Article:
the Pipe and Tabor compendium

the Pipe and Tabor compendium

essays on the three-hole pipe

forgotten traditions

fools, jesters and taborers

Books have been written about the symbolism of bald heads, court fools and jesters, jesters who were entertainers and minstrels
and the significance of asses ears on hoods. Most fools and jesters were men. I have included the few women jesters from the
internet for balance.

King's 'fools' fell into one of two categories; those that were simple and needed looking after and the clever, witty ones who lived
on their quips. There is evidence that the fool existed in medieval England in the surviving accounts of Hirard, the jester for the Saxon
King Edmund Ironsides (referred to as a joculator) as well as Rahere, who was Henry I’s jester and referred to as a minstrel. There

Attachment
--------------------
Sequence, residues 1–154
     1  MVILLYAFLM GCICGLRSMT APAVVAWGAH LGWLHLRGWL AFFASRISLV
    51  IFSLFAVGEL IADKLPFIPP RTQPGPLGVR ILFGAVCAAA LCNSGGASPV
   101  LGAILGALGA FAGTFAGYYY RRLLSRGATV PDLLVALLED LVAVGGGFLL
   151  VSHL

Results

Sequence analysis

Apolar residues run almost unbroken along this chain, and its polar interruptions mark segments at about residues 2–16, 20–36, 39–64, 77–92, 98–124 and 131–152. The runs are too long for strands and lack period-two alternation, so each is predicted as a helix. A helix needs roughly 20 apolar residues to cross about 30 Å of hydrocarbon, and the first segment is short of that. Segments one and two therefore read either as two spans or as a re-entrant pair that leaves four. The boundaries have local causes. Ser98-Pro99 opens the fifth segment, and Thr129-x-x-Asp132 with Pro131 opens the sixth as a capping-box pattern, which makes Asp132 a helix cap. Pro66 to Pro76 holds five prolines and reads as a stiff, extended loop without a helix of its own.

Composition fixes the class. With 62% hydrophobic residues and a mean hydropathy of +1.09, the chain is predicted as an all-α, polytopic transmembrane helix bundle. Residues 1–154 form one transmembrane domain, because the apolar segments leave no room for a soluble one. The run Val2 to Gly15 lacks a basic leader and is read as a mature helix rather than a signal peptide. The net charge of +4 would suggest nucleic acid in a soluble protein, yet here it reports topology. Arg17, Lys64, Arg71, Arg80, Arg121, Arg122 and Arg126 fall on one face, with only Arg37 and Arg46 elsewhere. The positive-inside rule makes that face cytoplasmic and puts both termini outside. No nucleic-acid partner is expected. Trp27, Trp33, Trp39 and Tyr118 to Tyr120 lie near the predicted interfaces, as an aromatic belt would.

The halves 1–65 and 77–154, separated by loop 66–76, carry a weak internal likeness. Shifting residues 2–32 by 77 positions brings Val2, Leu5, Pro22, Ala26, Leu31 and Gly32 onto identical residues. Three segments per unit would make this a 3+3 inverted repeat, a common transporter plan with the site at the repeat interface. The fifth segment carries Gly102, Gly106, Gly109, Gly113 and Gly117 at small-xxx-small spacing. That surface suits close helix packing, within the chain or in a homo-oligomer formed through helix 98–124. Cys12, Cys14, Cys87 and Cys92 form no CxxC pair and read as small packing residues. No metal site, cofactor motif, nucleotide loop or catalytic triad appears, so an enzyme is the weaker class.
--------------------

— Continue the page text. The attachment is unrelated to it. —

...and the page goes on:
is some doubt as to whether English fools actually wore the earred hoods, bells and parti-coloured clothes or whether they were
used as symbols that people would understand. As yet there is no trace in early contemporary records and few images.

Foolishness is symbolized by the jester. Fools were thought of as low status, untrustworthy, clumsy and stupid. There was a long
European tradition of satirical works on fools going back to the twelfth century, and the word fool had, at the time, an underlying
Christian religious meaning of sinner, unbeliever, backslider. The root of the word "fool" is from the Latin follis, which means
"bag of wind" or that which contains air or breath.